If there’s one lesson the airlines should have taught us in the past decade, it’s that independent, all business class, transatlantic airlines don’t work. They just don’t. They can’t compete on schedule and frequency. They typically can’t compete in terms of ground services and reliability. And when the economy goes down the drain, they don’t have the backing or flexibility to “weather the storm.” Such is the nature of flying exactly one route between two financial capitals.
The only all business class transatlantic operation still flying is British Airways’ Club World London City service.
It flies between New York and London City, and is operated by an A318 with 32 business class seats.
British Airways Club World London City A318
British Airways’ other “unique” transatlantic operation is OpenSkies, which is operated between New York and Paris Orly by a 757. The only catch is that nowadays it’s a three cabin plane, with business, premium economy, and economy. When the service launched years ago they had goals of flying out of Amsterdam and to Washington as well, but they’re still only flying between Paris and New York, so I doubt the service is performing profitably.
Well it seems that lesson hasn’t been learned. La Compagnie is a new all business class airline that will start transatlantic all business class service between New York and Paris — or more accurately, between Newark Airport and Paris Charles de Gaulle Airport.
Via Luxury Travel Magazine, here are the details:
La Compagnie will start operations with a redesigned Boeing 757-200 dressed in the airline’s signature baby blue hue. The plane will offer four to five weekly flights throughout the summer, with scheduled departures out of Paris at 17:50 arriving in Newark at 20:30, and out of Newark at 21:45 arriving in Paris at 11:15.
The B 757-200 is the best plane adapted for La Compagnie’s cross-Atlantic route: it has a range of 3,900 nautical miles and modern winglets to cut fuel consumption. The interior design offers 74 “lie-flat” seats creating a 2×2 configuration throughout a single aisle cabin with no dividing class curtain. Overhead luggage bins are amply sized. The interior cabin is sleek and stylized with leather headrests and armrests in La Compagnie’s signature baby blue. Additional interior tones are muted: from the wood grain of wallboards to the blue-speckled grey carpeting.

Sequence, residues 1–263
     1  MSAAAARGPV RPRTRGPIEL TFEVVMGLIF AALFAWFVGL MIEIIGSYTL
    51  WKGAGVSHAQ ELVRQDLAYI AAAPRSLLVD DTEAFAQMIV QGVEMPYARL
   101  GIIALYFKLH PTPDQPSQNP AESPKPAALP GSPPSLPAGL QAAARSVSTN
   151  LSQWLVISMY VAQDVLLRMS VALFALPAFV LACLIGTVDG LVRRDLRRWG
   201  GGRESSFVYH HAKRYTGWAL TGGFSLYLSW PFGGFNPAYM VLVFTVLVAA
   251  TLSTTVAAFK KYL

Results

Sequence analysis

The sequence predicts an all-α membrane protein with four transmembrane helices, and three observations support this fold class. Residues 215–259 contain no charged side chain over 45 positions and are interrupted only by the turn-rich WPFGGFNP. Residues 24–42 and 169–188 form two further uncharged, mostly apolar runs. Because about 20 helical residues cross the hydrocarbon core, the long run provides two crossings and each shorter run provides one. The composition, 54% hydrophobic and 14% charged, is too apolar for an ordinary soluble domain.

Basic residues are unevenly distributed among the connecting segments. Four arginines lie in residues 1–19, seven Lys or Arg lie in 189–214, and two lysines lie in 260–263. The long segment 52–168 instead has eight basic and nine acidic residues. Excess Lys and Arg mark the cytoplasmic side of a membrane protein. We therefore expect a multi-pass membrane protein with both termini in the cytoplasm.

La Compagnie’s next Boeing 757-200 aircraft will be delivered in December 2014.
Each La Compagnie flight will be crewed by two pilots and three flight attendants fluent in international languages. The experienced cockpit crews have profiles approved by the French Civil Aviation Authority.
The cabin crew will be outfitted in stylish signature uniforms designed by the French fashion house Vicomte A, whose colorful ready-to-wear line combines an aristocratic tradition and elegance as well as French know-how and “art-de-vivre.”
Passengers will be comforted by in-flight amenity kits including Caudalie cosmetic products, as well as in-flight meal service with menus created by Christophe Langree, the Michelin-starred chef of Hôtel Matignon in Paris, which serves as the official residence of the Prime Minister of France. La Compagnie’s fleet will also be equipped with complimentary WiFi Internet service, and all seats will have personal Samsung tablets uploaded with an assortment of books, magazines, music and movies.
Three flight attendants for 74 business class passengers? British Airways has three flight attendants on their A318s flying between New York and London, so British Airways’ crew to passenger ratio is more than double. Of course that assumes La Compagnie ever has more than 32 passengers on one of their planes, which seems highly unlikely to me, but… 😉
So they plan on launching service in just a few weeks, but don’t yet have a website and aren’t taking reservations.
For more information or to make reservations with La Compagnie, please contact (800)-218-8187 or visit www.LaCompagnie.com starting July 1, 2014. Please note: the call center and website in the United States will be available after receipt of US government approval.
If they have good introductory fares I’ll give them a shot, but… seriously?! For their sake, here’s to hoping I’m misreading this and it’s actually a disguised article from “The Onion.”